Sam ‘The Record Man’ Sniderman remembered
Published Monday, September 24, 2012 6:28AM EDT
Last Updated Monday, September 24, 2012 10:12PM EDT
Artists, friends and residents remembered Sam “The Record Man” Sniderman and his iconic Yonge Street store Monday, following news the music industry icon had died at the age of 92.
The founder of the legendary Canadian music store chain died in his sleep on Sunday.
Sniderman’s family confirmed the news is a statement, saying he passed away peacefully in his sleep while surrounded by loved ones.
Sniderman was beloved by Canada’s music community. He opened his flagship music store on Toronto’s Yonge Street in 1959, launching a company that would eventually include more than 100 stores country-wide.
Residents shared their memories of Sniderman and his record store with CTV Toronto.
“I bought one of my first records there, back in the early 70s and I was really sad to see it go,” said one resident.
Another resident said the staff at Sam’s was exceptional.
“I do remember the staff being incredibly knowledgeable unlike some other record stores when you walk into them. I remember going back and buying vinyl there,” she said.
Supporter of independent Canadian music
Music industry expert Eric Alper said Sniderman was a major supporter of Canadian music and would go out of his way to stock Canadian artists in his stores. Canadian bands such as the Barenaked Ladies and Moxy Fruvous were able to sell their albums through Sam the Record Man before they were famous.
“He actually put their music front and centre into his store beside the Rolling Stones and The Who,” said Alper.
“It is unimaginable that the music scene would be the same in Canada without Sam Sniderman,” Alper told CTV’s Canada AM on Monday. “He had a whole section for independent music, artists that weren’t signed to a record label yet.”
Alper, label acquisitions director for eOne Music Canada, said Sniderman played a significant role in his childhood, and helped form his love of Canadian music.
“I remember when I was 11 or 12 years old, one of the first times that I got to go downtown by myself, my first stop was Sam the Record Man. When you were a teenager you drive up and down Yonge Street on a Friday or Saturday night … and you stopped off at Sam the Record Man,” Alper said.
“There are so many people in the music industry that got their first job working at Sam the Record Man stories across the country.”
Musician Steven Page, formerly the lead singer of the Barenaked Ladies, remembered Sniderman, and his willingness to sell the band’s first independent album “Yellow Tape.”
“Sad to hear of the passing of Sam Sniderman,” Page wrote on Twitter. “Sam's was THE ‘late-night record shop,’ & was a huge part of the success of BNL's Yellow Tape.”
During his life, Sniderman was named a Member of the Order of Canada, was inducted into the Canadian Music Industry Hall of Fame and the Canadian Country Music Hall of Fame. He was also a Governor General Award recipient and received honorary doctorates from Ryerson University in Toronto and the University of Prince Edward Island.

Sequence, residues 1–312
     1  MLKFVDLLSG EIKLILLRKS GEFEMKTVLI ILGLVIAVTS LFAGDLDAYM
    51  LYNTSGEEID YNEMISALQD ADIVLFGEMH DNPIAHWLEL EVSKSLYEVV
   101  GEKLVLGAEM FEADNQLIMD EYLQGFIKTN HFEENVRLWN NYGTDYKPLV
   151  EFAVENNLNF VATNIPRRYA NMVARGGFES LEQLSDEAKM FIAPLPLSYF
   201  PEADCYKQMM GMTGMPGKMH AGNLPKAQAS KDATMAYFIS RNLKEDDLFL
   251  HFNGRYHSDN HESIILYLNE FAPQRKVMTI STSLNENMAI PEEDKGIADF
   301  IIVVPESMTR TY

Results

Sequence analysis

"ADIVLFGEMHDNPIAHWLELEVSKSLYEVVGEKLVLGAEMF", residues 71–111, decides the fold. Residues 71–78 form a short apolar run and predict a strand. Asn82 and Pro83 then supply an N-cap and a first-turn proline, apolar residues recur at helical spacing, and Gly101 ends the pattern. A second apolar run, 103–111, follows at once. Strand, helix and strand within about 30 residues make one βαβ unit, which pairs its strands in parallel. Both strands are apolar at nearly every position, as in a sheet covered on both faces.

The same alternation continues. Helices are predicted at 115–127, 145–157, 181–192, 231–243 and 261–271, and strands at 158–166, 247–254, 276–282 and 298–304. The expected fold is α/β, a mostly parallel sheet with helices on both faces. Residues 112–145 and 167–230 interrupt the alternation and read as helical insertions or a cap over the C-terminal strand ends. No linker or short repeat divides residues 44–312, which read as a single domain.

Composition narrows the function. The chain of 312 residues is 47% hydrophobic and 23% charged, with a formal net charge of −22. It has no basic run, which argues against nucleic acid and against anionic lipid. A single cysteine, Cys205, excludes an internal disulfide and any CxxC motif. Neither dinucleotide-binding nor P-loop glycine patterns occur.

"Sam was the last of the great Canadian showmen that were able to establish themselves as household names purely through the force of their personality,” Brian Robertson, a close family friend and Chairman Emeritus of the Canadian Recording Industry Association, told The Canadian Press.
"He was a mentor to literally hundreds of Canadian artists and musicians and the Yonge Street record store and Sam's presence there was the centre of the Canadian music industry's universe for over three decades."
A Canadian record store empire
Sniderman began the Sam the Record Man empire by selling records out of his brother Sid’s radio store in 1937. In 1959, Sniderman opened his flagship store near Yonge and Dundas Streets in downtown Toronto.
At its peak, Sniderman’s 140 stores were handling between 15 to 20 per cent of all Canadian record sales.
The company was forced into bankruptcy in 2001, but the Toronto store remained in business until 2007. The iconic building, complete with a flashing red neon sign, was sold to Ryerson University in 2008.
Sheldon Levy, president of Ryerson University, expressed his condolences to Sniderman’s family on Monday.
“Sam was a Toronto original who has left an indelible mark on the city and on the Canadian music scene,” Levy said in a statement.
“Through his unique and successful business, which became a national enterprise, he brought energy and excitement to Yonge Street, and through his passion for music he provided encouragement and support to a generation of Canadian artists.
Sam the Record Man was a wonderful friend and neighbour of Ryerson University for almost 50 years. We are proud to be developing our new Student Learning Centre on the site of the former flagship store on Yonge Street.”
According to Sniderman’s family, a service will be held on Tuesday and a memorial service will be announced for October.
With a report from CTV Toronto’s Andria Case